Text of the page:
He added: “These investments we are making are people’s pensions. They need to be looking decades ahead.”
Leese said: “Since we set a 10-year strategy we’ve had three governments. Our strategy has not changed. We stuck with the long-term strategy.”
The conversation turned to the environment and whether there was a conflict between public policy and private money. Perkins commented: “What is fundamental is to future-proof investment. We would be very challenged if developments couldn’t get to net carbon zero.”
Keith Bailey added: “Carbon neutral is a key part of what we do and has been for years. We are very passionate about that. We have committed a few hundred million and we are continuing to invest in Manchester. We are looking for buildings where we can bring experience in that field. We have just got planning [permission for a net zero building] in London and are bringing some of that learning [to the regions].”
Leese: “If we say ‘these are the standards we have to meet’, the industry will rise to the challenge.”
Thame asked the panellists what, if they were to meet next year, would they like to see delivered in the meantime to help the property market and the economy flourish.
Murison felt it would be simplifying the bus system, which he saw as Leese’s legacy, an initiative that was showing progress and would make a “massive difference” to residents. “Some very hard stuff takes years and years,” he added.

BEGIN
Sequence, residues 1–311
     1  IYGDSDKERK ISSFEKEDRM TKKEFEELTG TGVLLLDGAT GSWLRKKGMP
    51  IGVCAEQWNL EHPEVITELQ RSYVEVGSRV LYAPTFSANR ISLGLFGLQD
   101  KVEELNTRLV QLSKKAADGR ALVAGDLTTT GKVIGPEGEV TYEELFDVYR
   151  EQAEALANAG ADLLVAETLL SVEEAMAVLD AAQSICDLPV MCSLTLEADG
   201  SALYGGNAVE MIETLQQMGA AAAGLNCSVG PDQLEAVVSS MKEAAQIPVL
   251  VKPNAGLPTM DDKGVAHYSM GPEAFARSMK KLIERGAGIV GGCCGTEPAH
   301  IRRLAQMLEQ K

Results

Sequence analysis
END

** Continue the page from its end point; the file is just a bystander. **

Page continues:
Perkins said: “Given that Manchester is a significant global city, it needs to look to overseas investors. Manchester hasn’t got that, a lot of capital is still going to the South East.”
Bailey added: “Public space is important to making Manchester attractive to investors.” He referenced the latest design competition for Piccadilly Gardens and that the city should be curating and celebrating great public spaces.
Leese asked “what drives the economy?” He added: “Henri is talking skills, we’ve talked infrastructure. We need innovation and to continue investing in culture and the arts within the North of England. It’s something of enormous benefit and there is supposed to be a lot more in that pot.”
In closing, Thame summed up: “Manchester is in a cusp-y kind of space. Much has been done and much remains to be done. Manchester stands on many legs and that provides stability and growth.”